Darlena Williams-Burnett (left) in 2008, when she was an Illinois delegate to the Democratic National Convention in Denver.

Robyn Beck / AFP via Getty Images

“We have followed the process & did everything we were told to do, in reference to the eviction process. Sheriff hasn’t come yet.

“We can’t make repairs with them in there. Building Dept has deemed the furnace violation as DANGEROUS and Hazardous violation . . . Police told me they can make them leave if you write the order.

“Also, I am concerned the tenant has turned apartment into drug/gang spot. They bring drugs & guns in & out. I think kids deliver drugs. I have notified DCFS. It’s really dangerous-someone could get hurt.

“Police want them gone! So do I !!!!”

It isn’t clear whether the city took any action in response to the email from Burnett-Williams.

On Nov. 5, 2019, Cook County sheriff’s deputies evicted four adults and four children from the apartment the Burnetts leased to Concepcion-Frierson. It was the third eviction case filed in Cook County against Concepcion-Frierson, 42.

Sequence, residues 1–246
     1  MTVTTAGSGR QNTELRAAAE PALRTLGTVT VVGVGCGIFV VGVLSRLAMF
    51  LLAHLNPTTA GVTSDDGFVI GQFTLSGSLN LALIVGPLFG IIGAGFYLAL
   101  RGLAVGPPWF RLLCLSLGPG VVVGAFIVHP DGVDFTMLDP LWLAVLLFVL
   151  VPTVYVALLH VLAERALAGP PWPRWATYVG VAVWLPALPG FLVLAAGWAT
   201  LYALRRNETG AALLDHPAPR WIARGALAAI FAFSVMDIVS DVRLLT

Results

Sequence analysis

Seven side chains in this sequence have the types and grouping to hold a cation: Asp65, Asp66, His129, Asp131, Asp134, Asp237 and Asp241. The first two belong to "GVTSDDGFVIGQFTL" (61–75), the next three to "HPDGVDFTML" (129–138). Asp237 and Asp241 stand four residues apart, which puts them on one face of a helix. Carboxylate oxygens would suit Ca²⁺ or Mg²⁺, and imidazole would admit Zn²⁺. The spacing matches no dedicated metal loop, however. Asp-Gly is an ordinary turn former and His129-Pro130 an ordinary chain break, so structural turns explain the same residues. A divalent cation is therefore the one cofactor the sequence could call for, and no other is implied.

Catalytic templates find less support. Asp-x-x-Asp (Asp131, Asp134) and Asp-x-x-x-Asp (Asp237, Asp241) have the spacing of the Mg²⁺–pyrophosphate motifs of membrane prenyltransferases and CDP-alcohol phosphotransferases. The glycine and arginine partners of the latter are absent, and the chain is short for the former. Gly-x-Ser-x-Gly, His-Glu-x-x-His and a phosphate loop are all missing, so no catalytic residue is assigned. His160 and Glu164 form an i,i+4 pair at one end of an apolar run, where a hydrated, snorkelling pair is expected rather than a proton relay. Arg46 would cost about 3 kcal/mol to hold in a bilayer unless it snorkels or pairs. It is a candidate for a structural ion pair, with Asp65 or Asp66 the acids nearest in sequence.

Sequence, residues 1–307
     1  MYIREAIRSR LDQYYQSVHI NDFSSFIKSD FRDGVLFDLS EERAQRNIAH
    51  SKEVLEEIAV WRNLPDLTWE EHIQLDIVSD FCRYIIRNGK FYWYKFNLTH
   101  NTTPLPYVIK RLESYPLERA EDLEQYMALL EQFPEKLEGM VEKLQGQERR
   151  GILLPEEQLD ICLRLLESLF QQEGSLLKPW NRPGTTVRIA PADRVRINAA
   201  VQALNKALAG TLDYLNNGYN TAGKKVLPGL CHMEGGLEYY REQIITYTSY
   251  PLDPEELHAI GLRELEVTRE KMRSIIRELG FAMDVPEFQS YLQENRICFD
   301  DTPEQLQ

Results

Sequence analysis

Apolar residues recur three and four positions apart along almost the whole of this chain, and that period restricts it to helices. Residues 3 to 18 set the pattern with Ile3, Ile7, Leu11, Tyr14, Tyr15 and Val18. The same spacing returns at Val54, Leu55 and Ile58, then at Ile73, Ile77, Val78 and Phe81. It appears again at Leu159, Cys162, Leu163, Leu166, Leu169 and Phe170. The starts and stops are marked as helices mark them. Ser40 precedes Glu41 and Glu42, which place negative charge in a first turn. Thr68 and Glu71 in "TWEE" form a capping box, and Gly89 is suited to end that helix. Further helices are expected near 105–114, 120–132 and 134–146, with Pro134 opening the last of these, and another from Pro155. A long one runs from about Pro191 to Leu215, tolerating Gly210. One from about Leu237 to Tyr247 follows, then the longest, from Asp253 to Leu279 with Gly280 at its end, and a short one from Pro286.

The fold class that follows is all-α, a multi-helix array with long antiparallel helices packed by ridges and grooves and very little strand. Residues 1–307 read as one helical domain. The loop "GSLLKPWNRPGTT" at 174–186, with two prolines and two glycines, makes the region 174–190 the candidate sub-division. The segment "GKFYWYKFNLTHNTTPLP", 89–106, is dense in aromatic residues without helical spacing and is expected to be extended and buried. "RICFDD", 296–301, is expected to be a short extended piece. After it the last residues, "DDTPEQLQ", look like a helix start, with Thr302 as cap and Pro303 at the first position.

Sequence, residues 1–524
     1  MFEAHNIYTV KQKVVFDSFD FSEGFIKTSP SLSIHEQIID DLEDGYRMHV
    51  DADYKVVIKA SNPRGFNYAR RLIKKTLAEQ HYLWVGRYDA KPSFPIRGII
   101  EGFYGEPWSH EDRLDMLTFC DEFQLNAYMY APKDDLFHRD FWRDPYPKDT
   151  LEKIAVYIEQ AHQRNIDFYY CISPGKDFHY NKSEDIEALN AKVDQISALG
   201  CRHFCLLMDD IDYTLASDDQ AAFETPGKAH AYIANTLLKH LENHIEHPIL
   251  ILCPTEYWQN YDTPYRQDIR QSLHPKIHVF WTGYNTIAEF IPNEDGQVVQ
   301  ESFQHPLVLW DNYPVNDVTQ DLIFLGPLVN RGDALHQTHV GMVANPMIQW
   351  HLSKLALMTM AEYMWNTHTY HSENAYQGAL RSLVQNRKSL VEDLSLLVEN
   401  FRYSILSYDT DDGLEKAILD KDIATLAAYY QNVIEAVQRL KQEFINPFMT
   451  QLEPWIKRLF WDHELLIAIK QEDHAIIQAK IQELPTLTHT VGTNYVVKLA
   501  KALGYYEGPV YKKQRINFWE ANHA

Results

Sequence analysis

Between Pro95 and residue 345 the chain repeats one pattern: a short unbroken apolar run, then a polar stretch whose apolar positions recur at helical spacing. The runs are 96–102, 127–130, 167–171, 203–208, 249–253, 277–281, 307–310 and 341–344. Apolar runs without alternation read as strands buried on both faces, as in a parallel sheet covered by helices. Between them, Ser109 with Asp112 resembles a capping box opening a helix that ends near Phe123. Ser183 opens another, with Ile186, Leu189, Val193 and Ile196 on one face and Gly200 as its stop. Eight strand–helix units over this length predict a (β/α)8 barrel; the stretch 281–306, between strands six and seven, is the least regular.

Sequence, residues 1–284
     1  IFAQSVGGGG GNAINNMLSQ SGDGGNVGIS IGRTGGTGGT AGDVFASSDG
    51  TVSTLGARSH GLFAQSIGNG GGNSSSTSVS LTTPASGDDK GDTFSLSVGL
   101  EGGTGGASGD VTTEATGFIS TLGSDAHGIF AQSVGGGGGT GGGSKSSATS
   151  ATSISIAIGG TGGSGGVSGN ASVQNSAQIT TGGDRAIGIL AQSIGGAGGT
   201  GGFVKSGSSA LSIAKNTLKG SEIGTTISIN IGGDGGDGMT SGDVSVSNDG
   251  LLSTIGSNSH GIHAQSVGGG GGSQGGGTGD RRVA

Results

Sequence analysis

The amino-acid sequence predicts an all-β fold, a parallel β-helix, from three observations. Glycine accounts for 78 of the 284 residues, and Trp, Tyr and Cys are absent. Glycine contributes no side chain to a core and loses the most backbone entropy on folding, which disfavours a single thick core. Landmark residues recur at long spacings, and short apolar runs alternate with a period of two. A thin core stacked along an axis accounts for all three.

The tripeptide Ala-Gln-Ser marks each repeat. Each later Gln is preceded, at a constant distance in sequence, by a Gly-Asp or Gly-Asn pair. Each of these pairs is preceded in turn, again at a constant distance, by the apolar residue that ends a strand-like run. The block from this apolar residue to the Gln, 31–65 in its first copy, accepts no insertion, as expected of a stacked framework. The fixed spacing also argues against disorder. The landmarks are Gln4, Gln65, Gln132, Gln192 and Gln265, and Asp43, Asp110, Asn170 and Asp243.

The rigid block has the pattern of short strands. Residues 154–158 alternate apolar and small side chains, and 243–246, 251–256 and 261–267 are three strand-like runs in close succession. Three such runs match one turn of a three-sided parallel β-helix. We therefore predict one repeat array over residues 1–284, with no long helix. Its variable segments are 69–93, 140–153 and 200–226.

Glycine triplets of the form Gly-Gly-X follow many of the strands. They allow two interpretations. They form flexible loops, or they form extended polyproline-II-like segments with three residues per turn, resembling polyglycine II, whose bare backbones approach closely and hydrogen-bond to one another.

Court records show she previously was convicted of resisting arrest and attempted counterfeiting, though Williams-Burnett said in her text message to the Sun-Times: “I rented to a single parent female that had a job, no evictions nor an arrest record. She was not a tenant for long, about six months, before police came to her door.

“But please know, I never intentionally rented to a person that sold drugs . . . There are lot of young women victims that can’t fight against wicked men that come into their lives & take over their homes-hiding drugs & weapons.

“I reiterate, the Alderman had nothing to do with the situation we found ourselves in. It’s just the reality of renting in the ‘hood.”

On Dec. 5, 2019, a Cook County judge issued a permanent injunction prohibiting anyone from occupying the Burnetts’ building. Williams-Burnett agreed to pay a $440 fine and $60 in court costs and to make all repairs by Dec. 5, 2020.

The Burnetts sold the two-flat in February 2021 for $225,000 — more than four times what they paid to buy it in 2015.

Contributing: Lauren FitzPatrick